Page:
Dear Raghu Rajan:
It is not much of a correction to say I was wrong to assert that structural unemployment for the US is around 3 percent, but now that I've looked again it's around 3 percent. You did correct the misstatement of Erik Hurst's work, but you refuse to correct the faulty misinterpretations that followed from the error. Instead, you have thrown together a few figures, issued a "caution that there are large errors" and reasserted the 3% figure (okay, 2.5 percent this time, but you do say "Perhaps my misstated conclusion from Erik’s work of “up to 3 percentage points” is not terribly off the mark"). Apparently you already know the answer, the unemployment problem is structural not cyclical -- it's not an aggregate demand problem -- and it's simply a matter of using highly unreliable extrapolations to justify the truth you believe is out there.
This is from a slightly different context, but "all the efforts to insist that it can’t be aggregate demand amount to a refusal to take yes for an answer." There are many, many estimates of the degree to which structural unemployment is a problem, e.g. this one from the SF Fed, that do not come to the conclusion you arrive at. This work points a finger at a large cyclical (AD) problem. But instead of citing numbers that have been thoroughly vetted, which I assume you must know about, you rely instead upon your own rough calculations surrounded by warnings about their accuracy, and then say you hope that Hurst's future work will end up supporting what you think must be true ("Erik has promised to come up with careful estimates that should be much more accurate"). That sure does seem like "a refusal to take yes for an answer." Why present your "guesstimates" when better work is available? (To be fair there are a range of estimates, but my reading is that overall they point strongly to the cyclical issue. In any case, citing back of the envelope calculations that support preconceptions while competely ignoring real work that does not is not the way those who are the first to claim economics should be more scientific ought to proceed.)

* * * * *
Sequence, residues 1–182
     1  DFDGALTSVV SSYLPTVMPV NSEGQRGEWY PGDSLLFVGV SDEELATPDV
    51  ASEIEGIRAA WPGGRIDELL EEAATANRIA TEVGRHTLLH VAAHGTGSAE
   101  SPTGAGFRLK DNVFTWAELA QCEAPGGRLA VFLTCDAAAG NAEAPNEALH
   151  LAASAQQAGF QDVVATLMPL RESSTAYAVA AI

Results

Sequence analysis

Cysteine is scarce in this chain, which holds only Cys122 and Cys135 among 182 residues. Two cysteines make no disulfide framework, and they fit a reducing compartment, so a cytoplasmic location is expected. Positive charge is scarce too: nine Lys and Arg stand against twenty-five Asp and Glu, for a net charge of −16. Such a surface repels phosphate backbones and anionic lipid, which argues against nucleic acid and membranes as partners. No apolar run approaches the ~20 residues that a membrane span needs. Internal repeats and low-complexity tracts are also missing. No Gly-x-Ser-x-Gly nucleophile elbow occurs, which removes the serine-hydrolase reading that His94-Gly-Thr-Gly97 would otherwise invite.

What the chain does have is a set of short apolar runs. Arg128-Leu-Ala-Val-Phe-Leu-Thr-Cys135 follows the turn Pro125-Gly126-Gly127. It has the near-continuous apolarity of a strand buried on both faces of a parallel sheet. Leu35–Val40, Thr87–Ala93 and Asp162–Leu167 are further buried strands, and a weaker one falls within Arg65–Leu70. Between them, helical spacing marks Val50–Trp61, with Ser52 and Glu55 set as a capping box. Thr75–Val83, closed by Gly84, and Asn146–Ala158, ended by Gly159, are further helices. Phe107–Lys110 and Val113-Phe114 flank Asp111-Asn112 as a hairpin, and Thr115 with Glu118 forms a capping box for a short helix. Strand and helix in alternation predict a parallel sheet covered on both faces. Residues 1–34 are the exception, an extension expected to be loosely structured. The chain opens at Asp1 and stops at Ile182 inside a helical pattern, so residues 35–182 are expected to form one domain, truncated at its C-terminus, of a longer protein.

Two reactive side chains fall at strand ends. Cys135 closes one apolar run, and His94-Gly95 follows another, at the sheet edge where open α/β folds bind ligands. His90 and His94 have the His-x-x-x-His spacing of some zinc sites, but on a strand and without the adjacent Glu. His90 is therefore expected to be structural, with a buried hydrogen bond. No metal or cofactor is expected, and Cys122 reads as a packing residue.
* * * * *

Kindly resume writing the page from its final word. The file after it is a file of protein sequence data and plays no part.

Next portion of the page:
This wouldn't be of much importance if the error simply reflected upon your own reputation. But there are millions of people who still need new jobs, and to the extent that the refusal to acknowledge the demand side of the problem holds back efforts to help these people find jobs, the consequences for them are far from trivial.